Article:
Essay on Bank of America Mobile Banking

2451 Words Oct 12th, 2012 10 Pages
Mobile Banking

On a cold morning in January 2010, Jen McDonald, head of Bank of America Corporation's (B of A) Digital
Marketing group, walked briskly to the conference room to discuss the future of the bank's mobile strategy with
Douglas Brown, senior vice president, Mobile Product Development, and David Carrel, senior vice president,
Strategy and Analysis at Starcom, the company which the bank worked with for internet.
Bof A launched mobile banking in May 2007, which allowed customers to access the bank through a mobile application (or app) on their smartphones, and through mobile web on their phone's browser. Brown, who was responsible for the development and launch of mobile banking, reported on the current status, "In less
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Financial institutions are responding by launching downloadable applica tions and encouraging consumers to bank online and through mobile devices by rolling out mobile and internet banking services.

Market Size and Consumer Adoption
In 2009, an estimated 10 million consumers used mobile banking in the U.S.; by 2014 this number was expected to grow to 37 million, representing 30% of the total expected online banking users in the U.S. Total annual transactions for mobile banking services were expected to increase from about 180 million in 2008 to 2.4 billion in 2014. Improvement in mobile devices and networks, better features from banks, and increasing awareness among users were the main drivers of growth.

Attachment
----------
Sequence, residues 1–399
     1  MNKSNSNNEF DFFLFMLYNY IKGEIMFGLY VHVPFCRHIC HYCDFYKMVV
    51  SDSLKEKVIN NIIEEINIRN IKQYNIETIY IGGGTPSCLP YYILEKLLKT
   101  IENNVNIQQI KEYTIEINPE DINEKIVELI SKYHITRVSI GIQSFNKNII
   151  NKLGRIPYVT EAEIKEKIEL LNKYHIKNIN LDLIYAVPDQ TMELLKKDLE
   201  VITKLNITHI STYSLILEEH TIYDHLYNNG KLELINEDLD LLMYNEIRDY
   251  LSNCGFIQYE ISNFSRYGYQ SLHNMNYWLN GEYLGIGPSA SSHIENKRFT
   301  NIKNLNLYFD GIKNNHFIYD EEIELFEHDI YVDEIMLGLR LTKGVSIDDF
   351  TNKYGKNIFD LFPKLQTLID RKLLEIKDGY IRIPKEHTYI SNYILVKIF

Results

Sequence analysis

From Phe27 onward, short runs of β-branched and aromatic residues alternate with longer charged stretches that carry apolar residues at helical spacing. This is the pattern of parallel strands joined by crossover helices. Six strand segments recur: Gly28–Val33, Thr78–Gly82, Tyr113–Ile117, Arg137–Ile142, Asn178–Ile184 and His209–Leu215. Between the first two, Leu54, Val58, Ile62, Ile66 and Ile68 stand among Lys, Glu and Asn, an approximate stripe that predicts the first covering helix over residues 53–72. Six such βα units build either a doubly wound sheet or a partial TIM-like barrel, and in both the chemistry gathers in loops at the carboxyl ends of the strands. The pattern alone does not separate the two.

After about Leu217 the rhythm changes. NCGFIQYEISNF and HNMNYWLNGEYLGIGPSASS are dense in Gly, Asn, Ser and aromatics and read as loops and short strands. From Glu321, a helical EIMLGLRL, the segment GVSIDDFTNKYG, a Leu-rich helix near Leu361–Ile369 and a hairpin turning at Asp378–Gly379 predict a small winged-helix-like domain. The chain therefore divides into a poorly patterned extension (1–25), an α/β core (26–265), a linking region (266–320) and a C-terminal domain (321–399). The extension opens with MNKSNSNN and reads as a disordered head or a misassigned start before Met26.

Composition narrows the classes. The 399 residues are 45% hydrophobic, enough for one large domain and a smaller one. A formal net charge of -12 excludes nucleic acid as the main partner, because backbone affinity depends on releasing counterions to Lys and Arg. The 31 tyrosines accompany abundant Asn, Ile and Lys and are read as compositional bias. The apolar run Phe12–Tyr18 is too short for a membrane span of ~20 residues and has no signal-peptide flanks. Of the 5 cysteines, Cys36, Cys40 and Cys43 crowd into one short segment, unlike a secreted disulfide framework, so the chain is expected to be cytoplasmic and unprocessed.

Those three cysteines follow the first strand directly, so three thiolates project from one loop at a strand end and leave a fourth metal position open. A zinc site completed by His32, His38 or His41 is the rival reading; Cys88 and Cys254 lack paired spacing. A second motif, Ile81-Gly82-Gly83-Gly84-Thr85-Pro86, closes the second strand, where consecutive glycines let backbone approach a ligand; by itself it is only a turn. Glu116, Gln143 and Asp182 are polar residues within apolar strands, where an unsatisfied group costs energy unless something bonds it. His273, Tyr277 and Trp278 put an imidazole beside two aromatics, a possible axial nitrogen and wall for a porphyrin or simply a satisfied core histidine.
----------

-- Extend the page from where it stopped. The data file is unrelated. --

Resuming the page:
Most banks required customers to be registered online banking users before they could sign up for mobile banking. However, a 2009 survey of 500 mobile users showed that almost 60% of consumers not currently using online banking would be interested in using at least one mobile banking service. In early 2010, Wells Fargo allowed customers to sign up for its mobile banking service, regardless of their online usage.
In spite of increasing interest, mobile banking was still relatively small compared to other banking channels. According to an American Bankers Association survey, only
1% of respondents considered mobile as their preferred banking method, compared to 25% for online

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